Have you ever seen a Galileo Thermometer? They are a pretty cool way of telling what the temperature is and it also serves as a cool decoration for your home. The thermometer has little glass bubbles with different color liquid inside of them. Each little bubble has a tag on them with a different reading of the temperature. You read a Galileo thermometer by reading the tag on the lowest bubble that is still floating. The way the thermometer works to change to different temperatures involves a bit of physics.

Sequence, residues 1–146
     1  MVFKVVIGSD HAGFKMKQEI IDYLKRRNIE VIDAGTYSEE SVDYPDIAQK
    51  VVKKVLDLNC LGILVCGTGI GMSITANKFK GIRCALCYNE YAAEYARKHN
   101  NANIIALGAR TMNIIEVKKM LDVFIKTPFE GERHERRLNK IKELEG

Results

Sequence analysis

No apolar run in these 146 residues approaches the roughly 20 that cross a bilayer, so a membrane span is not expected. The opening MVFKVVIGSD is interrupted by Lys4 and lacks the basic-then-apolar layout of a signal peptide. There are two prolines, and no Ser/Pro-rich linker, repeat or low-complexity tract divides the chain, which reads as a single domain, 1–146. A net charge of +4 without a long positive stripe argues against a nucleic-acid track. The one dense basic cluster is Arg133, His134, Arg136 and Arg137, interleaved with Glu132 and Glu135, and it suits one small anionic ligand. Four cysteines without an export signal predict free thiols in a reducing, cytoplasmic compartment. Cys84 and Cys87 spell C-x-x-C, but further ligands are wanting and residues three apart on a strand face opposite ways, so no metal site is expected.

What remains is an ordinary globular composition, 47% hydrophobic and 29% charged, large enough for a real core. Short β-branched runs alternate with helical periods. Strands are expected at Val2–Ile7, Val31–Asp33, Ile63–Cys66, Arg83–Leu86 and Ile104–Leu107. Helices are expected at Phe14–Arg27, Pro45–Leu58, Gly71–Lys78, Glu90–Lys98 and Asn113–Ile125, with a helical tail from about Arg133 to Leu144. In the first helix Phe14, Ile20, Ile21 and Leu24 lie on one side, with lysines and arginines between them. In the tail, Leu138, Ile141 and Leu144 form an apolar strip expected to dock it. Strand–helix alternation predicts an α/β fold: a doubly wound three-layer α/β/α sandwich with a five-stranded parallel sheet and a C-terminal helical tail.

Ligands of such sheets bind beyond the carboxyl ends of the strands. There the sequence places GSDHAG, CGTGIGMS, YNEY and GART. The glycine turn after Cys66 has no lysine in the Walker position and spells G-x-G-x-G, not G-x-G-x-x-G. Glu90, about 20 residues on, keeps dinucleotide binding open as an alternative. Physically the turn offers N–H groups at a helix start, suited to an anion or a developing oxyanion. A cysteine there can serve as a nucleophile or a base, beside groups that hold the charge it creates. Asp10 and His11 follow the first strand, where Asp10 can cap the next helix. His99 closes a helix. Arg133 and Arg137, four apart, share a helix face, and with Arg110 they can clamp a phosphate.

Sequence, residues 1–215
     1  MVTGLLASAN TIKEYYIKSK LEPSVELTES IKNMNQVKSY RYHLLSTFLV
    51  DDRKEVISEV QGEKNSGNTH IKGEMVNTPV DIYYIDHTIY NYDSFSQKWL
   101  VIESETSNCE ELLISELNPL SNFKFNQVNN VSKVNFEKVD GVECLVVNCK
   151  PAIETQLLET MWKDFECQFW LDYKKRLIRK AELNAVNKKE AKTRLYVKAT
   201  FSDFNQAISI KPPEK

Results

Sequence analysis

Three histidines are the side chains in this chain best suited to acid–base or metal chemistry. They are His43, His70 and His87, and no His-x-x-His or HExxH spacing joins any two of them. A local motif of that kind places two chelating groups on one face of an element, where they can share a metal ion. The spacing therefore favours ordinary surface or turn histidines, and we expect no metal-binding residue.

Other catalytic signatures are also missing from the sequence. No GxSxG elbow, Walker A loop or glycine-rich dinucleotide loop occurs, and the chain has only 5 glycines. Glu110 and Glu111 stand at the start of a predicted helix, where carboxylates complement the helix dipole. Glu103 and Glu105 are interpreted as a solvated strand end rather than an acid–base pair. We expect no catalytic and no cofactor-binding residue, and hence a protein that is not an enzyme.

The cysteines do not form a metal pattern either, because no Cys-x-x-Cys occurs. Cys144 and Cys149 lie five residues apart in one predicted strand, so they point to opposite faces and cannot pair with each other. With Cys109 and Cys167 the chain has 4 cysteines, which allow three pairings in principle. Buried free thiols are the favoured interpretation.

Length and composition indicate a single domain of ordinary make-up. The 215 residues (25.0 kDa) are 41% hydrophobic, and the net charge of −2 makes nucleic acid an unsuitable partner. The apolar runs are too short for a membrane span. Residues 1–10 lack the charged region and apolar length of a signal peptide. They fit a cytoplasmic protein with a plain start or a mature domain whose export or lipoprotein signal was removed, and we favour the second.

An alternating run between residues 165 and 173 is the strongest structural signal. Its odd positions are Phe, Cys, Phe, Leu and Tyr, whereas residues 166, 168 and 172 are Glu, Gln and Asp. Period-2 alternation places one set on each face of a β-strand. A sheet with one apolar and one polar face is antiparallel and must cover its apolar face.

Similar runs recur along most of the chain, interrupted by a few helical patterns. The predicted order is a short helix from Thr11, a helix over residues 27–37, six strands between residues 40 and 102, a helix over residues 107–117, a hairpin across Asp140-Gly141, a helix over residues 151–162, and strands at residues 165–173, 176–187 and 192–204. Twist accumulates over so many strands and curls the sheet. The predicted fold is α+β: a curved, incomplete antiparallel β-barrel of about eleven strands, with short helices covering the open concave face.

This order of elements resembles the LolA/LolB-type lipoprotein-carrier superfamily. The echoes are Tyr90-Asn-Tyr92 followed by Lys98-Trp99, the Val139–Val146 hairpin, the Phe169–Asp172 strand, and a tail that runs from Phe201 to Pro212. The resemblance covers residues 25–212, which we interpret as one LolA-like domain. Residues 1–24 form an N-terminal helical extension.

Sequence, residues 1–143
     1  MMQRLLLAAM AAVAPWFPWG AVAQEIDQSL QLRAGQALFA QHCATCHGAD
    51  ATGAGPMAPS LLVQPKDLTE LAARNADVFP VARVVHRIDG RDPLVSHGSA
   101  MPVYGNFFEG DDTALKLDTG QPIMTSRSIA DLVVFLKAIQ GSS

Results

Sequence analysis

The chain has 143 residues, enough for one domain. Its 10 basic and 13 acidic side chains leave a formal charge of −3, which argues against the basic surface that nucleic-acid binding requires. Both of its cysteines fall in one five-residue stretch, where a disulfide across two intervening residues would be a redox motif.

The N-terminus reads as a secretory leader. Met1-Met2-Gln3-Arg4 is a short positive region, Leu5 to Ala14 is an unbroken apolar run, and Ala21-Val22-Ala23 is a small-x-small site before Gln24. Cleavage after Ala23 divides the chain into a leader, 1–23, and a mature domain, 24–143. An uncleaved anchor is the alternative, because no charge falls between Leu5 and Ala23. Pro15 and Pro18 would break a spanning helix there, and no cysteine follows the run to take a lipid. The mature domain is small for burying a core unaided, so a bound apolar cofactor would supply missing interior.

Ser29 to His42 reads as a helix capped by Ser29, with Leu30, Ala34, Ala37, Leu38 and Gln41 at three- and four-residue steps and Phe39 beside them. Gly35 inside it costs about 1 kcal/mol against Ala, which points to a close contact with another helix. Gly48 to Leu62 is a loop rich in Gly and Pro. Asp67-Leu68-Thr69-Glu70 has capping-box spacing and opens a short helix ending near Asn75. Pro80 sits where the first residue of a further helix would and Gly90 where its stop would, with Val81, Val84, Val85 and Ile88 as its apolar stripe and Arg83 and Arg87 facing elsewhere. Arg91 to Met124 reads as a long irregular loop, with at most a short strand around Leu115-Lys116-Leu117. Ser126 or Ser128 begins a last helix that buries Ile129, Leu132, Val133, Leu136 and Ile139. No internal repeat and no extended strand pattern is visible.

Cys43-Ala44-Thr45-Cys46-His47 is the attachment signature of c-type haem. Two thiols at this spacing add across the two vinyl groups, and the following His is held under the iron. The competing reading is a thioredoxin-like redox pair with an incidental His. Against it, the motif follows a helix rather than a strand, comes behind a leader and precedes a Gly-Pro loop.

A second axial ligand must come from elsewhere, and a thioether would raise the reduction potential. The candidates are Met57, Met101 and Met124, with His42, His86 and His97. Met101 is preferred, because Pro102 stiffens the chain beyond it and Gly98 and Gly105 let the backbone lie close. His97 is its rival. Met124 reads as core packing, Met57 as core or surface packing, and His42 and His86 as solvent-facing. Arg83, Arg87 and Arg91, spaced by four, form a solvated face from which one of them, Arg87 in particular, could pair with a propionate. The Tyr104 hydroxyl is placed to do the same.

An object immersed in fluid experiences two forces, the downward force of gravity and the upward force of buoyancy. In the Galileo thermometer, its the downward force of gravity that makes it work. Each of the tags on the different bubbles has a different calibrated weight, making each one a slightly different weight from the others. The liquid inside the each of the bubbles has the same density, so that when the weighted tags are added, each bubble has a slightly different density then the others due to the ratio of mass to volume. The density of all of the bubbles is very close to the density of the surrounding water. Therefore, as the temperature outside the thermometer changes, the temperature of the water the bubbles are immersed in also changes. When the temperature of the water changes, it either expands or contracts which changes its density. So at any given density, some of the bubbles will float and others will sink. So for example, if the temperature is increasing, the waters density decreases. So the bubble with a tag that says 72 degrees, for example, will have now have a weight per unit volume that is greater than that of the surrounding water rather than lighter, and it will sink to the bottom. Very neat!